Physician gender and lifestyle counselling to prevent cardiovascular disease: a nationwide representative study

Date Icon Publish Date
  • Katharina Diehl | Mannheim Institute of Public Health, Social and Preventive Medicine, Medical Faculty, Mannheim, Germany.
  • Dirk GansefortDepartment of Prevention and Evaluation, Leibniz Institute for Prevention Research and Epidemiology – BIPS GmbH, Bremen, Germany.
  • Raphael M. HerrMannheim Institute of Public Health, Social and Preventive Medicine, Medical Faculty, Mannheim, Germany.
  • Tatiana GörigMannheim Institute of Public Health, Social and Preventive Medicine, Medical Faculty, Mannheim, Germany.
  • Christina BockMannheim Institute of Public Health, Social and Preventive Medicine, Medical Faculty, Mannheim, Germany.
  • Manfred MayerInternistic Group Practice Dr. med. Manfred Mayer und Dr. med. Angela Schmid, Mannheim; Physician Network Ärztenetz [email protected] e.V, Mannheim, Germany.
  • Sven SchneiderMannheim Institute of Public Health, Social and Preventive Medicine, Medical Faculty, Mannheim, Germany.

ABSTRACT

Background. Primary care physicians (PCPs) have a key role in the prevention of cardiovascular diseases (CVD). However, it is not clear whether lifestyle counselling behaviour differs between female and male PCPs. Nonetheless, this information might be helpful to develop need-based advanced training for female and male PCPs. Therefore, our aim was to identify potential gender differences in the implementation of health promotion and the prevention of CVD in primary care.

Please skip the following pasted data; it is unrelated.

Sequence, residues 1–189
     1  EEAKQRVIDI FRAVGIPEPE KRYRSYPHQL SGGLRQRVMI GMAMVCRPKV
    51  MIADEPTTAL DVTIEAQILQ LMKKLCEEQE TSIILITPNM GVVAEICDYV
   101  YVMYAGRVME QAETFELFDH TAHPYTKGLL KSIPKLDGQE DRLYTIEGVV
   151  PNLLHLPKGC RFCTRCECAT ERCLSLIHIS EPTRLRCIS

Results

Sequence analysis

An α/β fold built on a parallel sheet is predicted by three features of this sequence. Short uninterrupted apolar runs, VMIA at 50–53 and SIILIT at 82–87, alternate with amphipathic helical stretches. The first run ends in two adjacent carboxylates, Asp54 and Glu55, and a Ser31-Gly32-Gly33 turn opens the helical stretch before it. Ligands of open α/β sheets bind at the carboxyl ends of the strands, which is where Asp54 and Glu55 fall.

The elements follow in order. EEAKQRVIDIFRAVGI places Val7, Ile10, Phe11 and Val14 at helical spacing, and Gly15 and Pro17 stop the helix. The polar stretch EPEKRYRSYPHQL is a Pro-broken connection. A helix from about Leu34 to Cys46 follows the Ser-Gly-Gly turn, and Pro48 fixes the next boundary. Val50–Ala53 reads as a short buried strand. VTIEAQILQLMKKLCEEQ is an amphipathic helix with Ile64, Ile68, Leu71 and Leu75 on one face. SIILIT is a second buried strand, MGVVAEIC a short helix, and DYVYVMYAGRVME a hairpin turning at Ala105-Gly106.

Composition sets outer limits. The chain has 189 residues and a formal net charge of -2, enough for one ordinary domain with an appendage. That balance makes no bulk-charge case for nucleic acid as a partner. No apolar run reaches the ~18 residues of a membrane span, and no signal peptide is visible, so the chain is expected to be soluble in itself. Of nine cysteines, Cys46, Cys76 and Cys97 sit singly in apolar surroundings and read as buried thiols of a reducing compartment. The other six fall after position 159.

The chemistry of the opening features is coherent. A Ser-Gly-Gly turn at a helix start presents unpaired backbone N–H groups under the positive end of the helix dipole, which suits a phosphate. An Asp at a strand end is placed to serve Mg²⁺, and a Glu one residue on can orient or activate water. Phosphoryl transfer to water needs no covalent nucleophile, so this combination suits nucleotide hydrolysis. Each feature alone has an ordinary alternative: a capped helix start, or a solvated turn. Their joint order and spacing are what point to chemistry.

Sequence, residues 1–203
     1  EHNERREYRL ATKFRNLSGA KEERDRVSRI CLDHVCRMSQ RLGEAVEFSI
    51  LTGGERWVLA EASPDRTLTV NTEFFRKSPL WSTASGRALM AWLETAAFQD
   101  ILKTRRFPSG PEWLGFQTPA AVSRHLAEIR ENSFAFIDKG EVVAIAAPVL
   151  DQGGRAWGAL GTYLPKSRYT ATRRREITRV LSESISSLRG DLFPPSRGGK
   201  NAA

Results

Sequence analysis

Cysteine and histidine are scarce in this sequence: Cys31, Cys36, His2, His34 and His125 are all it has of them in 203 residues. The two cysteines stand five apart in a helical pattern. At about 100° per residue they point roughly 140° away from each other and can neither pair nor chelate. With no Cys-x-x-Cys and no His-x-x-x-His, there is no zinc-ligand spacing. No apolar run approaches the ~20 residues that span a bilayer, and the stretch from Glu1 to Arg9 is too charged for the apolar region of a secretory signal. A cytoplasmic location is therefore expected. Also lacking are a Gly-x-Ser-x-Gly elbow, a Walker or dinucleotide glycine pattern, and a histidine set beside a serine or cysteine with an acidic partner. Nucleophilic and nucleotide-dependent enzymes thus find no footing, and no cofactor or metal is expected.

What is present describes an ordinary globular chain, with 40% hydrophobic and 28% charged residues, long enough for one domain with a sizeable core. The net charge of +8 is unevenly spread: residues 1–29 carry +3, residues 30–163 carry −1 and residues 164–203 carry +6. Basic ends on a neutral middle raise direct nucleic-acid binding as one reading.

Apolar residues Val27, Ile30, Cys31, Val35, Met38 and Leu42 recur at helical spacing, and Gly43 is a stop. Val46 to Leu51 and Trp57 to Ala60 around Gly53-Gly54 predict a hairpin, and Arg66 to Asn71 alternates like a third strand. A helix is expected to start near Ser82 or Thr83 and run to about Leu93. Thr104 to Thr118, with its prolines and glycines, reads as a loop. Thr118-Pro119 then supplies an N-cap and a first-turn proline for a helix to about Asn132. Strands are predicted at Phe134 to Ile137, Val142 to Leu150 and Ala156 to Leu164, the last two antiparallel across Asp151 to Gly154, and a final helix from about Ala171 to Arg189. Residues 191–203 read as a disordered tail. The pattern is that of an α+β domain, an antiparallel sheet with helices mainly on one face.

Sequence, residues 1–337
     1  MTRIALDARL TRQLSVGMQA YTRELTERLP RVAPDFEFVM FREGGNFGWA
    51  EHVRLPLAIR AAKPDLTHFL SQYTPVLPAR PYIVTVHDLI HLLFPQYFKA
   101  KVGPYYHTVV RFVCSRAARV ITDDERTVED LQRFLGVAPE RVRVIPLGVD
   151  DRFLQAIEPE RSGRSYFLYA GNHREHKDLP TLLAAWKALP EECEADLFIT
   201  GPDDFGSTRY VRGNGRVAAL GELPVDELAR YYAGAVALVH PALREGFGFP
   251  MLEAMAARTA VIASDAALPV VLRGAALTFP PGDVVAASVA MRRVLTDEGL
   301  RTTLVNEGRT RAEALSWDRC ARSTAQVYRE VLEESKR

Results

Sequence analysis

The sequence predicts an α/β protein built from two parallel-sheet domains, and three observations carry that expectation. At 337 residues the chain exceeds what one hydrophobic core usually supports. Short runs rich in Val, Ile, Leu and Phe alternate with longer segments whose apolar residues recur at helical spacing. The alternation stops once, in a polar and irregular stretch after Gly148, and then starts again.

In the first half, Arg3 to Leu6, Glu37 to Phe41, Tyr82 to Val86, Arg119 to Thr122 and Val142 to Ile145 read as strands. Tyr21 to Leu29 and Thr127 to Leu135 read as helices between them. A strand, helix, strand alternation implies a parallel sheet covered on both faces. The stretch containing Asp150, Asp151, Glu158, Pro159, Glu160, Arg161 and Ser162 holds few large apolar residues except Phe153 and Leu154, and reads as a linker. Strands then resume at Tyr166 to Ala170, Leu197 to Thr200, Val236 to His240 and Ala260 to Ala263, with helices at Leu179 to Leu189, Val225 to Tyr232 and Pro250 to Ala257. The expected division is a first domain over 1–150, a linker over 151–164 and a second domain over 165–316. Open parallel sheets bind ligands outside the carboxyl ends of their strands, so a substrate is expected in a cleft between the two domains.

Design and Methods. In a Germany-wide survey called the ÄSP-kardio Study, we collected data from 4074 PCPs (40% female; from October 2011 to March 2012). We compared the provision of prevention measures, the attitude towards counselling, and the potential barriers in counselling among female and male German PCPs. We used chi2 tests, Mann-Whitney U tests, and logistic regression analysis.
Results. We found differences in all of the above-mentioned aspects. Female PCPs were less likely to perceive barriers than male and more likely to ask patients about lifestyle, for example, nutrition (OR=1.62, P≤0.001). Additionally, female PCPs were more likely to feel well prepared (84.2% vs. 76.0%, P≤0.001) and successful (75.6% vs. 68.0%, P≤0.001). Male PCPs were more likely to mention barriers in daily practice that hinder lifestyle counselling.
Conclusions. Overall, both female and male PCPs had a positive attitude towards lifestyle counselling. Nevertheless, in view of the barriers that they indicated, incentives such as better reimbursement may help output-oriented PCPs to translate their positive attitude into action. Moreover, awareness of gender differences may help PCPs to acquire the specific advanced training that they need for effective lifestyle counselling in CVD.

Our most popular topics on Journal of Public Health Research

Leave a Reply

Your email address will not be published.